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​Lt. Gen. Arnold Bunch, the Air Force's top uniformed officer for acquisition, testifies before the House Armed Services seapower and projection forces panel on May 25, 2017. Screenshot photo.

—Amy McCullough

Rep. Mike Gallagher on Thursday questioned whether the Air Force is low balling the actual number of B-21 Raiders it will need in the future, citing a 2015 AFA Mitchell Institute study that found the service would need roughly 60 bombers in the event of a contingency with North Korea, 103 bombers for Iran, and as many as 258 if conflict were to erupt with Russia.

“Given that a two war standard has traditionally been a critical measurement of our status as a super power it seems to me that the right number of bombers should be north of 160 in order to factor in Korea and Iran contingencies, and certainly Lt. Gen. [Mike] Moeller [the author of the Mitchell study] agrees and calls for as may as 200 B-21s,” said Gallagher (R-Wisc.) during a House Armed Services seapower and projection forces panel.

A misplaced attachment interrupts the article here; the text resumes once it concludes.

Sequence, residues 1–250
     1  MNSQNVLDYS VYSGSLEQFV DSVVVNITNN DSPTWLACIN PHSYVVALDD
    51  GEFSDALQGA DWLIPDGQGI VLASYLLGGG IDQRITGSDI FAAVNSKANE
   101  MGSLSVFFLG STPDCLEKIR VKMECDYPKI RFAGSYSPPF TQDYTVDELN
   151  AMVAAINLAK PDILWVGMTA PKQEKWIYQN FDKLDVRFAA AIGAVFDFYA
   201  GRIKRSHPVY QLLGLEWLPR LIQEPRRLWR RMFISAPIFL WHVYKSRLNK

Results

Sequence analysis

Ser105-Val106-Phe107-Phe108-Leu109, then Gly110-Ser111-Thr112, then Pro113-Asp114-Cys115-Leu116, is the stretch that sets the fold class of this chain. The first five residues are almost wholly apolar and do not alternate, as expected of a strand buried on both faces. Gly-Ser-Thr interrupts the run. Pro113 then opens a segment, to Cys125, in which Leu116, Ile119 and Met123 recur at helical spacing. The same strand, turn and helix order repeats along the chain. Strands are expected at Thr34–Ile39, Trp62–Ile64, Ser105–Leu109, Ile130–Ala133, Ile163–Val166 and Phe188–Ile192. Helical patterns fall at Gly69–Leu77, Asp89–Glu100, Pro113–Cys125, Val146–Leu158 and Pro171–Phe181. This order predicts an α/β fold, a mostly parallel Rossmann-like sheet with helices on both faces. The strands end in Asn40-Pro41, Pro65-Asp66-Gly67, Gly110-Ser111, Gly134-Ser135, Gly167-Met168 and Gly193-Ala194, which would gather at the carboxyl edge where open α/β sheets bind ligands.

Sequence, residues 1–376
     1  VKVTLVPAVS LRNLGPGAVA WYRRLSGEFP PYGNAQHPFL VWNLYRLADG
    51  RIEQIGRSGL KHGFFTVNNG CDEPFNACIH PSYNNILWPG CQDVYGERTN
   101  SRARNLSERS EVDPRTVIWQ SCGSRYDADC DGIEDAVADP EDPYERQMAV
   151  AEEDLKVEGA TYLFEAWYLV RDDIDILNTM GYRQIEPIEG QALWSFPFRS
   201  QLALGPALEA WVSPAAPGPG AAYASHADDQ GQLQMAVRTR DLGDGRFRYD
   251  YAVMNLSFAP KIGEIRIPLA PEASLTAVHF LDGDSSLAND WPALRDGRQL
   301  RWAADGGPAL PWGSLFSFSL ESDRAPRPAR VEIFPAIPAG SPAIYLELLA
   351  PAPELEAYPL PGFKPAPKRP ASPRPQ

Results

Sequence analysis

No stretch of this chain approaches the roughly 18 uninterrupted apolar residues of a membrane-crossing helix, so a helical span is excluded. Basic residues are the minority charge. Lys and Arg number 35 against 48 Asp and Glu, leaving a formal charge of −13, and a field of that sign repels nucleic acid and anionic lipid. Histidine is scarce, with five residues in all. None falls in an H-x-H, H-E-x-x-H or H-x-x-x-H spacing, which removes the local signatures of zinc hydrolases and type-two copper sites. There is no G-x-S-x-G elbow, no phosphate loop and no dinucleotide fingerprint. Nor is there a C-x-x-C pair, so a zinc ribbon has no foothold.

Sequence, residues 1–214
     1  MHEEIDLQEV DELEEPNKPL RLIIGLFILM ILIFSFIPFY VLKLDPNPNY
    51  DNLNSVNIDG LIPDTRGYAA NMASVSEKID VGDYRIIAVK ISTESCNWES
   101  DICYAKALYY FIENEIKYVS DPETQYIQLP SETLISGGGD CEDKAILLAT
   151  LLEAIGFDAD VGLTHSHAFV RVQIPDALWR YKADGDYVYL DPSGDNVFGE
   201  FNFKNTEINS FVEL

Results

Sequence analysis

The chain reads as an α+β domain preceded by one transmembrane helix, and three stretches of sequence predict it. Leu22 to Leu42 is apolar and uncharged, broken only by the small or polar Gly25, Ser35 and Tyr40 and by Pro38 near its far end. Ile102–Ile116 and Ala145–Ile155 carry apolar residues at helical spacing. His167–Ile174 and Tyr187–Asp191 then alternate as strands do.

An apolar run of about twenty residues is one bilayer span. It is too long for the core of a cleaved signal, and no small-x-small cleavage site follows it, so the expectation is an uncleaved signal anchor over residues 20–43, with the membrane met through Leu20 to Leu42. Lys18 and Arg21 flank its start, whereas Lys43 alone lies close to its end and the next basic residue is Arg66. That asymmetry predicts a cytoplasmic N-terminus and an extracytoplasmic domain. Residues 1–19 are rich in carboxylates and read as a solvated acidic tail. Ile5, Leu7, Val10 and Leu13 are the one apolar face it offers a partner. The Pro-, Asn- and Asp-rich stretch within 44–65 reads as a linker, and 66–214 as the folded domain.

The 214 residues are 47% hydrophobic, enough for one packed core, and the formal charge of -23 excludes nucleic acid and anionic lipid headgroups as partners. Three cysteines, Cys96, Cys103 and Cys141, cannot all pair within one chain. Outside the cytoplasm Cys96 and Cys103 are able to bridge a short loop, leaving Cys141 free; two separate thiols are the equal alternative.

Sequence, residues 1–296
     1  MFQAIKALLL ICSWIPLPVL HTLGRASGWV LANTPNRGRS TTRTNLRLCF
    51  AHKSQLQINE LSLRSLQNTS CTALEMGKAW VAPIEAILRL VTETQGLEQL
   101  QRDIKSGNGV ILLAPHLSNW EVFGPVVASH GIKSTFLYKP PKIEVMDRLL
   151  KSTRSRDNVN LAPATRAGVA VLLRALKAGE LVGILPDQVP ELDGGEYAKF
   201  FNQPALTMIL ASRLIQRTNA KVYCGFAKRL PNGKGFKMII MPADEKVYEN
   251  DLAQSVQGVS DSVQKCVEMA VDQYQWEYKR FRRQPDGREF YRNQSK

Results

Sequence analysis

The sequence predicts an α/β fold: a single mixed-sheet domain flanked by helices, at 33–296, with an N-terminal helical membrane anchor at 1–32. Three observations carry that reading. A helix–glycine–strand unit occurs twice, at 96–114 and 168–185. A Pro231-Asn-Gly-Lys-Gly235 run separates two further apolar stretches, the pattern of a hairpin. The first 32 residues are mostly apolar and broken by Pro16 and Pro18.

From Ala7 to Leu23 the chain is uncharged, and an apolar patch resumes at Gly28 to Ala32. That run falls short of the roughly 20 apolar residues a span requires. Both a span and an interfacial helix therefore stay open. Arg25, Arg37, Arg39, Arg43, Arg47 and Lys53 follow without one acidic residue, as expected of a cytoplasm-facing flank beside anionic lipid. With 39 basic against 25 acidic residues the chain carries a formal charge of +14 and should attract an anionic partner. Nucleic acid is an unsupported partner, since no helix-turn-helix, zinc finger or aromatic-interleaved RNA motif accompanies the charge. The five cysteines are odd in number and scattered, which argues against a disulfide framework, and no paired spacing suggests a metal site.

Lt. Gen. Jerry Harris, USAF deputy chief of staff for strategic plans and requirements, did not disagree with those numbers, but said the Air Force is waiting to see what comes out of the ongoing Nuclear Posture Review and a review of the national military strategy before it updates its requirement.

“We do agree that probably 165 bombers is what we need to have,” acknowledged Harris. “We don’t want to get in front of [those reviews]. We know we’ll need at least 100, and we’ll possibly​ need more than that. We don’t want to throw down a number that will change in a few months.”

The Air Force initially said it needed anywhere from 80 to 100 of the Long-Range Strike Bombers, but has since declared that “at least 100” should be considered the floor, not the ceiling.

Lt. Gen. Arnold Bunch, the service’s top uniformed acquisition officer, said that number is based on a comprehensive analysis of the service’s various ops plans as well as what missions the aircraft will be asked to conduct. He also noted the service must have enough bombers in its inventory to allow for regular depot maintenance and training.

But retired Lt. Gen. Dave Deptula, dean of the Mitchell Institute, cautioned that budget should not be a driving factor in the decision.

“America needs a strategy-driven budget, not a budget-driven strategy, and our strategy calls for an advanced bomber force closer to 200 than 100,” said Deptula.